Charlotte Radford takes a look back at some of the key news and price moves from the past five days in the metals markets.
The week started with the withdrawal of 37,375 tonnes of copper cathode from London Metal Exchange (LME) warehouses. Most of the material is destined for China, traders believe.
China’s refined copper demand is likely to improve in the fourth quarter, due to accelerating grid investment, Kiki Kang wrote.
In Latin America, state-owned Codelco announced it will cut its five-year investment plan by as much as $4 billion, in light of Chile’s currency devaluation and having reviewed its projects.
And Chile’s copper commission, Cochilco, made another cut to its copper price forecasts for 2015 and 2016, on lower expectations for global demand growth.
Aluminium premiums in Europe increased on greater interest in buying metal for financing deals, after the October-November spread on the LME moved from backwardation to contango last week, and the cash-to-three-month spread widened.
Meanwhile, European aluminium scrap and secondary alloy prices are falling and will continue to drop as the market adjusts to lower all-in prices for primary aluminium, prompted by falling energy prices.
In the nickel market, a major Chinese NPI (nickel pig iron) producer has tried to blend imported refined nickel with ore to make higher nickel-content NPI, but the trial has not been a success, market sources said. Ellie Wang had the story.
Production results arrived from Boliden. The company’s revenue and net profit increased year-on-year in the third quarter of 2015 as a stronger performance by its smelter outweighed the effect of falling metals prices.
Australia-listed explorer Bass Metals has entered into a three-month exclusivity period with Mancala Resources, with the objective of divesting its Que River lead and zinc assets in Tasmania. James Heywood had the details.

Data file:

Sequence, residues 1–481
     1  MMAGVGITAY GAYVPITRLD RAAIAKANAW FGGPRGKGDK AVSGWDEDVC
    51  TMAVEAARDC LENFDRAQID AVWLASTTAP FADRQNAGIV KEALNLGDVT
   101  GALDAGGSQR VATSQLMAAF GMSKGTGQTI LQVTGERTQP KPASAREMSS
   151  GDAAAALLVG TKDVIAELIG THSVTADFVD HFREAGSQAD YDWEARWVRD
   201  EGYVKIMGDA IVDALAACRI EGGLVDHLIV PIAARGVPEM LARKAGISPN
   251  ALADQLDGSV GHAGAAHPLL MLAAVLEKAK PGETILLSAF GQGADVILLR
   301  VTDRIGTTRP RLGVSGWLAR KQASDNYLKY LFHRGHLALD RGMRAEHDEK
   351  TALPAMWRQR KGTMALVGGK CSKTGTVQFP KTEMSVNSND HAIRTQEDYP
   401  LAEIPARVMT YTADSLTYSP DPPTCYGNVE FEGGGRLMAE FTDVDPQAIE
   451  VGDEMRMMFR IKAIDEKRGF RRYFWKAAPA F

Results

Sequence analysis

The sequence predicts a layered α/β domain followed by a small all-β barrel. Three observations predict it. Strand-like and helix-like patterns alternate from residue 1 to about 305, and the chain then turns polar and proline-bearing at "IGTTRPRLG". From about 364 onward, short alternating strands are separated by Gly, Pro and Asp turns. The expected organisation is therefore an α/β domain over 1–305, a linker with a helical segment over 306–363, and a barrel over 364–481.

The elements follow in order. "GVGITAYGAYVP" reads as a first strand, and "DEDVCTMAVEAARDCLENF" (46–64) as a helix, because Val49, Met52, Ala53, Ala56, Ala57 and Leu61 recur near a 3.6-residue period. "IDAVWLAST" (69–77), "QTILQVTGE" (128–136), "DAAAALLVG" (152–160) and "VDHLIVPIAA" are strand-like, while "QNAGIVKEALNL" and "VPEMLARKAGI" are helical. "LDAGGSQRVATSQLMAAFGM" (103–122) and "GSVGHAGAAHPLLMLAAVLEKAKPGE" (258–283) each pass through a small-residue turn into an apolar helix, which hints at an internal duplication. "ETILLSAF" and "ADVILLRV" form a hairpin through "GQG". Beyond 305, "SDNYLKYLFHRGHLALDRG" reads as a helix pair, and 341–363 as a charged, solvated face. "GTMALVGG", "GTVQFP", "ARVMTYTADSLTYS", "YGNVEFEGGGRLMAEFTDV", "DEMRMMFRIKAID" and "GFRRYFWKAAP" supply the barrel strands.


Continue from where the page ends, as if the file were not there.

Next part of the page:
And as the mating season for 2016 zinc premium contracts gets under way, the market seems cautious about the effect that Glencore’s production cut announcement will have on talks.
This week also saw Glencore tell analysts in London that it is looking to trim capital allocation within its marketing business as it moves to cut debt to about $20 billion by the end of next year.
The US Federal Reserve met this week, leaving market participants reluctant to take positions ahead of an announcement on interest rates. The news that the rate will hold firm at 0.25% until at least December led to depressed sentiment, pushing LME base metals prices down later in the week
Analysts at Barclays said they expect a bearish mood to persist for the rest of the year.
“We see the potential for a modest pick-up in prices throughout the first half of 2016, as today’s supply cuts become tomorrow’s tight market. Eventually, we think that poor supply-and-demand fundamentals will reassert themselves and copper will again give ground,” the analysts said on Tuesday.
Click here for Friday’s rolling price report.
Other exchange news came from Yunnan, China, where the regional government is now deciding whether the Fanya Metal Exchange should face fraud charges.
The matter will be handled strictly according to the law, the Yunnan government said.
Meanwhile, the Kunming municipal government has sent a team to the minor metals bourse to complete the required spot clean-up and rectification work, and to address concerns raised by investors.
Staying in China, the country’s State Reserve Bureau bought 5,300 tonnes of molybdenum oxide from major market participants on Wednesday, sources told Kiki Kang.
And sharp drops in manganese ore prices have led to buyers walking away from verbal agreements and trying to renegotiate prices over the past month. Janie Davies spoke to market participants.
Elsewhere in the ores and alloys markets, Noble has launched a court application to force International Ferro Metals’ South African subsidiary to allow the trading firm to take possession of 3,000 tonnes of ferro-chrome that it pre-financed in May. Details of the proceedings are here.
East Metals and Mastercroft have applied to launch court proceedings against troubled South African company Evraz Highveld Steel & Vanadium, aiming to have its business rescue plan declared invalid. Claire Hack looked at the reasons for the application.
And in people moves, Mark Jevons has retired from his role of senior vp of Jefferies Bache, while Sucden Financial has made a number of senior hires to its management team.
Charlotte Radford firstname.lastname@example.org Twitter: @CRadford_MB